"We don't have a political agenda," said Lockyer, who oversees a 5,000-person office that is the chief enforcer of California law. "The only instruction I have given the professional staff is to get it right: Be accurate and fair, and help voters understand what a 'yes' and a 'no' vote means."
Lockyer said he frequently gets political pressure to change initiatives and isn't surprised that he is involved in several legal fights. He joked: "I've got 1,100 lawyers. I don't mind being sued."
As the state's chief attorney, Lockyer is required to write 100-word summaries and official titles for initiatives. Those synopses, which must be factual and free from bias, are considered important because they carry the imprimatur of the attorney general. Voters often rely on them in making decisions.
Lockyer has repeatedly said his professional staff does the legal analysis for initiatives and that he has little influence on how they come out. He said he has yet to change a single word of an initiative title and summary, although he will ask questions if something is unclear.
But Peter Siggins, Schwarzenegger's chief attorney, said the process with Lockyer was a little more complex. Siggins comes with a unique perspective; he served as a top-level deputy to Lockyer for five years before he started working for Schwarzenegger.
Lockyer "asked question and would make suggestions," Siggins said. "But if you are deputy A.G., or even chief deputy A.G. like me, and the attorney general has a suggestion or a question, then you try to discern his policy perspective and you try to give life to that."
Amid complaints about his handling of various initiatives, conservative talk radio hosts and other activists have been upset because of the toilet painting, one of 30 works by lawyer-artists on display in Lockyer's office until Aug 31.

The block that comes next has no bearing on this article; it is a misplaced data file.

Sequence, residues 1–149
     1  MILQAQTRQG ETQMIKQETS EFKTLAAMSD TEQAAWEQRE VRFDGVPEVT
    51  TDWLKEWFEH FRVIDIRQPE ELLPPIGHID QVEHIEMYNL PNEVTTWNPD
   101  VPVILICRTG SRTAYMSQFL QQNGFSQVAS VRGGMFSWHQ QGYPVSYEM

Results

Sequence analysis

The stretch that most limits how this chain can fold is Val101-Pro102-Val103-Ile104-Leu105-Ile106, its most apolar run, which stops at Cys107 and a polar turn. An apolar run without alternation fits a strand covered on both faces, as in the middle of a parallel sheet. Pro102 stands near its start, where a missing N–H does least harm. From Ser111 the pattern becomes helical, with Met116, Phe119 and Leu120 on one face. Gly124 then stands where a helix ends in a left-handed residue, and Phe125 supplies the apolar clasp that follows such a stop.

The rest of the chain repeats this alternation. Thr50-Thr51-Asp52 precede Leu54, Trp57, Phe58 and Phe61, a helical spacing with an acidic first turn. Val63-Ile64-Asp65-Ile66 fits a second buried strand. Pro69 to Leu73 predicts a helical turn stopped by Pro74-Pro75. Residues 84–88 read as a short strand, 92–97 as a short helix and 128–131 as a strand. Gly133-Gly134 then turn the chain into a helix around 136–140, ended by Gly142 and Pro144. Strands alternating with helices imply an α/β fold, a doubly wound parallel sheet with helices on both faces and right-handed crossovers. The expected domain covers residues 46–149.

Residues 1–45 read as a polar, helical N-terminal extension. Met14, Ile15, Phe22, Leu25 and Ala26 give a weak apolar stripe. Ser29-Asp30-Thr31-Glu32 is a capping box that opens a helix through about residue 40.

The controversial painting was done by Stephen Pearcy, a lawyer who prompted outrage earlier this year by hanging an effigy of an American soldier outside his home in a middle-class Sacramento neighborhood. The effigy carried a sign that read, "Bush lied, I died." He received death threats.
The new work -- done with latex house paint on a leftover piece of plasterboard -- shows a map of the U.S. inside a toilet, with the words, "T'anks to Mr. Bush!" In an interview, Pearcy said he doubted Lockyer would put the painting in his home but said, "He's been pretty firm about his convictions that he doesn't like censorship, and I think he is going to stick to his guns on that."
But Republican Sundheim said the display -- the subject of a protest and extended shouting match between liberal and conservative activists outside the Justice Department building last week -- shows Lockyer's "inability to show good judgment. What if it had been a Koran in the toilet? What if it had been an unfavorable depiction of gay rights?... I don't think you would see that in the lobby."
But although Lockyer said he indeed would not hang the painting in his home, he denounced "Soviet-style" pressure to remove the work: "I absolutely will not censor some artist's work. Art often is controversial, not just some pretty picture."
The current criticism of Lockyer began after his office wrote a title and summary for the governor's planned overhaul of the public pension system. The document emphasized that the initiative would end death and disability benefits for police and firefighters, a politically explosive argument that led to a landslide of recrimination against the governor.
Last April, Lockyer told a state Democratic convention that his actions on the pension initiative "significantly contributed to the activities, the activism of nurses, teachers and others" who went on the warpath earlier this year, causing the governor to delay the initiative until next year.
In another incident, Lockyer's office wrote a summary of Schwarzenegger's government spending initiative, Proposition 76, that emphasized its most controversial aspect: budget cuts to schools.
What the governor chose to describe as the "Live Within Our Means Act" received a Lockyer title that sounded more ominous: "School Funding. State Spending." The summary noted that the measure called for a "suspension of minimum funding" for schools.
After receiving complaints from Steve Merksamer, a longtime Republican elections attorney, Lockyer's office changed the title of the initiative and the summary wording was softened. The title now mentions state spending first and school spending second, and it tells voters that surplus revenues would go toward tax cuts, the state budget reserves or construction projects.
Last week, in another incident that upset conservative activists, Lockyer released a title and summary for one of two planned constitutional amendments banning same-sex marriages -- by highlighting that it would end politically popular domestic partnership laws as well.